These stem cells are not as versatile as embryonic stem cells, but can be taken from a patient's own skeletal muscle.
Dr. Menasché treats Schumacher in the Pompidou hospital in Paris
Scientists first started experimenting with transplanting these cells into the heart in 1995, hoping that they would help patients with heart disease or heart failure to grow new, stronger tissue.
Dr. 2008 research Menasché in 2008 was one of the most appreciated clinical trials of this method – but in the end, the procedure did not result in better heart function for patients.
He has since switched to a new technique. Dr. Menasche now makes bioengineers tissue and uses it in combination with human embryonic stem cells prepared to become heart tissue, called cardiac precursors.
In 2018 he published a study that demonstrated that these cells could be safely transplanted in patients with failing left ventricles.
Dr. Menasché's team wants to use their technique to treat end-stage heart failure patients who have failed more traditional treatments – although it is unclear at what stage these studies are now.
On both occasions he arrived by helicopter from Switzerland and landed at a heliport in Issy-les-Moulineaux, near Paris.
During his first stay in Paris, the patient underwent tests at the Pitie-Salpetriere hospital in Paris, but Professor Menache's most important work was postponed.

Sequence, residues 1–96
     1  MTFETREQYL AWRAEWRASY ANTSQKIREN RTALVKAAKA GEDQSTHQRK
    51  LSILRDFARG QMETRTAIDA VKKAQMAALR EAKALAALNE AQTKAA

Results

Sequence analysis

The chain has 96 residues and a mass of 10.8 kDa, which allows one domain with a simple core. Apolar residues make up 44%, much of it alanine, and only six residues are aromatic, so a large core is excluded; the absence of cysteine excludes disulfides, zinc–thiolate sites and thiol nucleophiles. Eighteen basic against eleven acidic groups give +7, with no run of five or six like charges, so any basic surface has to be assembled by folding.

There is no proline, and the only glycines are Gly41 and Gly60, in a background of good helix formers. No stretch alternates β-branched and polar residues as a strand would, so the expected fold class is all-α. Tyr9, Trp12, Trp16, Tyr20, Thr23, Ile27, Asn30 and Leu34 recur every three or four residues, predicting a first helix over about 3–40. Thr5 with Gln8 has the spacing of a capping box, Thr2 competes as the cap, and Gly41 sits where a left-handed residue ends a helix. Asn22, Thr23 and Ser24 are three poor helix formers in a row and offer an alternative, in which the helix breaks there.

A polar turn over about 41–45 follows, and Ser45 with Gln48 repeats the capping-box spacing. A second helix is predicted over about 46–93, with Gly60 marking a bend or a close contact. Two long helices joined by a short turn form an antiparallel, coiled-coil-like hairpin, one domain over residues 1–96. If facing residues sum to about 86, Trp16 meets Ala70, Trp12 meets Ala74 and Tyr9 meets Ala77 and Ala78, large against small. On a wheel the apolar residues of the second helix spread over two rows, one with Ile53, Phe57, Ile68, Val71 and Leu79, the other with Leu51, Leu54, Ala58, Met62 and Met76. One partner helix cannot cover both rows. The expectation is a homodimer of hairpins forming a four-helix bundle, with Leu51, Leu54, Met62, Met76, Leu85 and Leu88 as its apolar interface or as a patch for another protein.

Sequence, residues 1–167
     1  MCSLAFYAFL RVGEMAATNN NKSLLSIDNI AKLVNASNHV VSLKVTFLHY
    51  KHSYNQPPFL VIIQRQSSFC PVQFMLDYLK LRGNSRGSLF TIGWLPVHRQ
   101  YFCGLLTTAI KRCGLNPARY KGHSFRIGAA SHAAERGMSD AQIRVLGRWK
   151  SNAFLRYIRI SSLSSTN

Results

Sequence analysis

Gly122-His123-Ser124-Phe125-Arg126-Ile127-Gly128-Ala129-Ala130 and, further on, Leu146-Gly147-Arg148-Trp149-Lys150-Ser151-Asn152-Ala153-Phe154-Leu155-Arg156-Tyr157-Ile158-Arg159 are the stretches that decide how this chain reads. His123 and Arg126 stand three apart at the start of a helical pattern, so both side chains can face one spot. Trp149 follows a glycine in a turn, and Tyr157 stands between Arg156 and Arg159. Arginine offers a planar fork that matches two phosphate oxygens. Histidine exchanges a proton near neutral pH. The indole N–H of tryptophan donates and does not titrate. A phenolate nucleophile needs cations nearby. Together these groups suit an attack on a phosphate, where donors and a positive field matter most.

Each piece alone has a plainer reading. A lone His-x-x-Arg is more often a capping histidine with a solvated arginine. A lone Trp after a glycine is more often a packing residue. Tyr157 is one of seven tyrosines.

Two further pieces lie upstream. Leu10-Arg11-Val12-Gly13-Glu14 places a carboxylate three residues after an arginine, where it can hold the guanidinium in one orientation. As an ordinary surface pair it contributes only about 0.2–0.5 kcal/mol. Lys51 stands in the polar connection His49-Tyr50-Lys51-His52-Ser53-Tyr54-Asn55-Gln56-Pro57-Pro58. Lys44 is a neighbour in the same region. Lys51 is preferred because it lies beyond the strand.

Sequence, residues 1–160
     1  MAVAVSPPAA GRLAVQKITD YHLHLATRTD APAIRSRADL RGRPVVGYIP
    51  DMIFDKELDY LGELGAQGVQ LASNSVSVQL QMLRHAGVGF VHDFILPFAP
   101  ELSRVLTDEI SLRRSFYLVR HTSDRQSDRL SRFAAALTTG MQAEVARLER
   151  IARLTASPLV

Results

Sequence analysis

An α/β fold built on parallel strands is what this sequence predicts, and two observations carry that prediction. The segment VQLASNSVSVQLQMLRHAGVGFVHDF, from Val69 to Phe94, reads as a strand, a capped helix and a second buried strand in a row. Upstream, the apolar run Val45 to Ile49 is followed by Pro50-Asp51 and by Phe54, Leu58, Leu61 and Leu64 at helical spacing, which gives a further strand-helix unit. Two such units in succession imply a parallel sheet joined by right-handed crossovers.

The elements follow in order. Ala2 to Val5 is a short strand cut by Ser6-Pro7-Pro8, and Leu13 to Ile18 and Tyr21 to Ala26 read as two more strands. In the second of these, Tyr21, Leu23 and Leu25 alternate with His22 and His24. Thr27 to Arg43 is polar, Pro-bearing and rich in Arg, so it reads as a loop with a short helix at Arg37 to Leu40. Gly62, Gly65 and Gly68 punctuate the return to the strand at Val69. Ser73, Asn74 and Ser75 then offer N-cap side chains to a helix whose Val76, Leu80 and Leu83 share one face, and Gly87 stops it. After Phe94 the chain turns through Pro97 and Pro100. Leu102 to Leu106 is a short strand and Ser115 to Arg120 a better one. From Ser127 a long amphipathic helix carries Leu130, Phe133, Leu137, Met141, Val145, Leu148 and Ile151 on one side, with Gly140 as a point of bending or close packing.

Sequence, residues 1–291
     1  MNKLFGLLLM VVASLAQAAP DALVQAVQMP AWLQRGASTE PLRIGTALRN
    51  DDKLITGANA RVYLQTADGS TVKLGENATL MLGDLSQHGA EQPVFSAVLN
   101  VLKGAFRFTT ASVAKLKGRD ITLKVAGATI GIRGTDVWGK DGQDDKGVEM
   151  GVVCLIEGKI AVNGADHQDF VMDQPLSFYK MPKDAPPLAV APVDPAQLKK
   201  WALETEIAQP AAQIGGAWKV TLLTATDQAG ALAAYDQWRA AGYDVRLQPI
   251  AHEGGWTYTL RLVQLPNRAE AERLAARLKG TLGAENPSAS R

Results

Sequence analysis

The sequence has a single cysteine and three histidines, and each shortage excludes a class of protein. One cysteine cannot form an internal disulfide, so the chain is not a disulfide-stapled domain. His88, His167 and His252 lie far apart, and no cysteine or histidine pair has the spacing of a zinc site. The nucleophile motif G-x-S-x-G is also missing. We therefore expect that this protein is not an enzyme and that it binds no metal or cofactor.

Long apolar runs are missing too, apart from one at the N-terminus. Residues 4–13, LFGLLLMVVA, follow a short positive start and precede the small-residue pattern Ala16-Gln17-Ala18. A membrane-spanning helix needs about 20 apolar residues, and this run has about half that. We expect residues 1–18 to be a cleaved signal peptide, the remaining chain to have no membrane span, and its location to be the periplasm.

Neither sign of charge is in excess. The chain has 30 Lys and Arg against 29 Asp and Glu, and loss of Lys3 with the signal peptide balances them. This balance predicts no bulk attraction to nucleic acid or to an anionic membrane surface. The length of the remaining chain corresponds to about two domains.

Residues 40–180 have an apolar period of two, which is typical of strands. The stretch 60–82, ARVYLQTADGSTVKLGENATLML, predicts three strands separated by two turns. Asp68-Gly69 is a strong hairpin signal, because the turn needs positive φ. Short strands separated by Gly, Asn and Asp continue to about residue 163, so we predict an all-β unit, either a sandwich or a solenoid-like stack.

Schumacher spokeswoman Sabine Kehm declined to comment on the development.
Schumacher has been recovering at home in Switzerland since he hit Mirabelle and is only visited by close friends who have not revealed any details about his state of health.
Sportsmail reported last December that although it is making slow progress, or not at all, Schumacher is not bedridden or lives on tubes day after day.
He watches F1 races on TV, including with his friend and former Ferrari boss Jean Todt, the FIA president.
Due to the ski accident, he suffered serious head injury and a medically induced coma for several months.
In January, his family issued a statement that he & # 39; in the very best hands & # 39; used to be.
The wall of secrecy, enforced at the request of his wife Corinna, was erected to protect one of the greatest names in modern sports time.
Schumacher in action during the Spanish Grand Prix at the Circuit de Catalunya in April 2002
The Schumacher family is right to hide his medical condition, Head Motorsport Ross Brawn has said.
Brawn is one of the few people who visited the affected driver while he is recovering alongside his family in Switzerland.
Brawn, who helped build Schumacher's success with Benetton and Ferrari, and visited the former champion in Switzerland.
& # 39; I am in constant contact with Corinna and fully agree with their decision & # 39 ;, he said.
& # 39; Michael has always been a very private person and that was a guideline in his career, his life and his family always agreed with that choice.
& # 39; It is perfectly understandable that Corinna wanted to maintain the same approach even after the tragic event, and it is a decision that we must all respect.
& # 39; I'm sure the millions of people who are still Michael fans will understand. & # 39;
Schumacher remains the most successful driver in motor sport, with a record of 91 Grand Prix victories. He won his first two titles with Benetton in 1994 and 1995 before five in a row with Ferrari between 2000-2004.